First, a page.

“And God continued giving Solomon wisdom and understanding in very great measure and a broadness of heart, like the sand that is upon the seashore. And Solomon’s wisdom was vaster than the wisdom of all the Orientals and than all the wisdom of Egypt.” Then other men of unusual wisdom are named: Ethan the Ezrahite (apparently a singer of David’s time and the writer of Psalm 89) and three other wise men of Israel. Solomon was wiser than these; in fact, “his fame came to be in all the nations all around. And he could speak three thousand proverbs, and his songs came to be a thousand and five.” The range of his knowledge covered the plants and animals of earth, and his proverbs, along with his writings in the books of Ecclesiastes and Song of Solomon, reveal that he had a deep knowledge of human nature. (1 Ki. 4:29-34) From Ecclesiastes we learn that he did much meditation in order to find “the delightful words and the writing of correct words of truth.” (Eccl. 12:10) He experienced many things, going out among the lowly and the high ones, keenly observant of their life, their work, their hopes and aims, and the vicissitudes of mankind. He exalted the knowledge of God and his law, and emphasized above all things that ‘the fear of Jehovah is the beginning of knowledge and wisdom,’ and that the whole obligation of man is to “fear the true God and keep his commandments.”—Prov. 1:7; 9:10; Eccl. 12:13; see ECCLESIASTES.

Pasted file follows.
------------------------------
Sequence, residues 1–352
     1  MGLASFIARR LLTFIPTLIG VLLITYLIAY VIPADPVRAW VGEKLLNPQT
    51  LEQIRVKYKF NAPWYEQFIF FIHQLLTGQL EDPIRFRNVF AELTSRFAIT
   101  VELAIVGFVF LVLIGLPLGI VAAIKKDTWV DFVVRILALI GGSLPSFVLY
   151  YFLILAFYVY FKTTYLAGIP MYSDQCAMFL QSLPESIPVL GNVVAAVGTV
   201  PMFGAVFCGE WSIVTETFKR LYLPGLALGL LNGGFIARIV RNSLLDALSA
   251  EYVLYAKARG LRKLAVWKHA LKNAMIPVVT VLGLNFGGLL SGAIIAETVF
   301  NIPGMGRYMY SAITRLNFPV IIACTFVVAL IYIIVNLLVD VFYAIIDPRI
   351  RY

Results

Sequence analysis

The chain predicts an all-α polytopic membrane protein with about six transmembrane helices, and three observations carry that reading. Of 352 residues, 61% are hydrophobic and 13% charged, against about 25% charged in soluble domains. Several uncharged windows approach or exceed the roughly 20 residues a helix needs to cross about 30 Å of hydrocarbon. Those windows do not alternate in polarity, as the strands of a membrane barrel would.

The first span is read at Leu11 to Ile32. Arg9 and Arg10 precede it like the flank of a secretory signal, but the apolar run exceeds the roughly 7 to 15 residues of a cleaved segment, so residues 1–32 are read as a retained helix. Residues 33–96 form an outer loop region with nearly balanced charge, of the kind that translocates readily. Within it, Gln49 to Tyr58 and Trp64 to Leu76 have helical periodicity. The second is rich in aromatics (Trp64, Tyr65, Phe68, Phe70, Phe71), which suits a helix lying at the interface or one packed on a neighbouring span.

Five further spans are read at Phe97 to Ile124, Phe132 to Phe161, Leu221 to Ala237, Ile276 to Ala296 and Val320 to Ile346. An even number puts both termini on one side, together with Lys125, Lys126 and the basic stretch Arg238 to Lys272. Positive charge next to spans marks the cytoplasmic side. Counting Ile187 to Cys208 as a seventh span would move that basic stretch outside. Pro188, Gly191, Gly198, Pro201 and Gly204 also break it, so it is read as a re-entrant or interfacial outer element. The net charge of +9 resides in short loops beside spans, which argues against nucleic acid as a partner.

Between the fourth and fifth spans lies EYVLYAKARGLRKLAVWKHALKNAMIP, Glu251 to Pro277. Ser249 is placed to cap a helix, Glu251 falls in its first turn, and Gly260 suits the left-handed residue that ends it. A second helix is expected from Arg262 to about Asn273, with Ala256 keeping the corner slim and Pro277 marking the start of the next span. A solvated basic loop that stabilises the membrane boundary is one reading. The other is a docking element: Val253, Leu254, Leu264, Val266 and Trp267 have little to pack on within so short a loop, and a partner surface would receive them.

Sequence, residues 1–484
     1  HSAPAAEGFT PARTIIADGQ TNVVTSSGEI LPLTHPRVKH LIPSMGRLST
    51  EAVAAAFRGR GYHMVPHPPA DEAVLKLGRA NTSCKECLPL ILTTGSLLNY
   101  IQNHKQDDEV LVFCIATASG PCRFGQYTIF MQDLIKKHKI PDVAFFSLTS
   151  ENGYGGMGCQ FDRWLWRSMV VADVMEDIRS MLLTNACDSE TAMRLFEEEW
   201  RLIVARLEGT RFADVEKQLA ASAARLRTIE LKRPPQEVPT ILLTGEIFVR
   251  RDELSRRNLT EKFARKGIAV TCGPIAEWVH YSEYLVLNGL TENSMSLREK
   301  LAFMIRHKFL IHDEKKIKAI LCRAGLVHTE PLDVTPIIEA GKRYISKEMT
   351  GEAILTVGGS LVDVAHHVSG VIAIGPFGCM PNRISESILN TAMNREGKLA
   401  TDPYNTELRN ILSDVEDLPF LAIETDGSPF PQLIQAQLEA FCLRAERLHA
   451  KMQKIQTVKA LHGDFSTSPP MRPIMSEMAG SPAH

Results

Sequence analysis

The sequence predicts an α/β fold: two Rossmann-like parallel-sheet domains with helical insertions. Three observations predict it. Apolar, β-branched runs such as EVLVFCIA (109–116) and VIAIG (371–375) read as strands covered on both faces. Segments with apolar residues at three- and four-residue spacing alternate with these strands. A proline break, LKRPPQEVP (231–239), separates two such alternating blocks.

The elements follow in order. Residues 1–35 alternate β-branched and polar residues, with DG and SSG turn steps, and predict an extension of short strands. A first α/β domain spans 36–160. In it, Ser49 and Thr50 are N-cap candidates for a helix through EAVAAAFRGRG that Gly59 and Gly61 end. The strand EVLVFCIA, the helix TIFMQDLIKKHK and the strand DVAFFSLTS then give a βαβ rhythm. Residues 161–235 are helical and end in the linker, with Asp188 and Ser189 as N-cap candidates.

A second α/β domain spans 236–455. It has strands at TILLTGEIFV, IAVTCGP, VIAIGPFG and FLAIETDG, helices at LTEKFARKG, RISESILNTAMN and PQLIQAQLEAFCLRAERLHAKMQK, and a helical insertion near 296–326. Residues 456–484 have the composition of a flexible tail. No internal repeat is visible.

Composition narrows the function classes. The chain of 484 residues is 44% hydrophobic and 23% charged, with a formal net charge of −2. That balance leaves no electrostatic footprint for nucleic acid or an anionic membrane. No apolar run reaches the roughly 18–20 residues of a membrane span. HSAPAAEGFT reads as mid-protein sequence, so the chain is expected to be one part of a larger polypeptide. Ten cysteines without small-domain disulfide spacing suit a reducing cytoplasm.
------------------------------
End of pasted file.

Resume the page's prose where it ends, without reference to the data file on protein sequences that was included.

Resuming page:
HIS DEVIATION FROM RIGHTEOUSNESS
As long as Solomon remained true to the worship of Jehovah he prospered. Evidently his proverbs were uttered, and the books of Ecclesiastes and The Song of Solomon (and at least one of the Psalms, namely, Psalm 127) were written during his period of faithful service to God. However, Solomon began to disregard God’s law. We read: “And King Solomon himself loved many foreign wives along with the daughter of Pharaoh, Moabite, Ammonite, Edomite, Sidonian and Hittite women, from the nations of whom Jehovah had said to the sons of Israel: ‘You must not go in among them, and they themselves should not come in among you; truly they will incline your heart to follow their gods.’ It was to them that Solomon clung to love them. And he came to have seven hundred wives, princesses, and three hundred concubines; and his wives gradually inclined his heart. And it came about in the time of Solomon’s growing old that his wives themselves had inclined his heart to follow other gods; and his heart did not prove to be complete with Jehovah his God like the heart of David his father. And Solomon began going after Ashtoreth the goddess of the Sidonians and after Milcom the disgusting thing of the Ammonites. And Solomon began to do what was bad in the eyes of Jehovah, and he did not follow Jehovah fully like David his father. It was then that Solomon proceeded to build a high place to Chemosh the disgusting thing of Moab on the mountain that was in front of Jerusalem, and to Molech the disgusting thing of the sons of Ammon. And that was the way he did for all his foreign wives who were making sacrificial smoke and sacrificing to their gods.”—1 Ki. 11:1-8.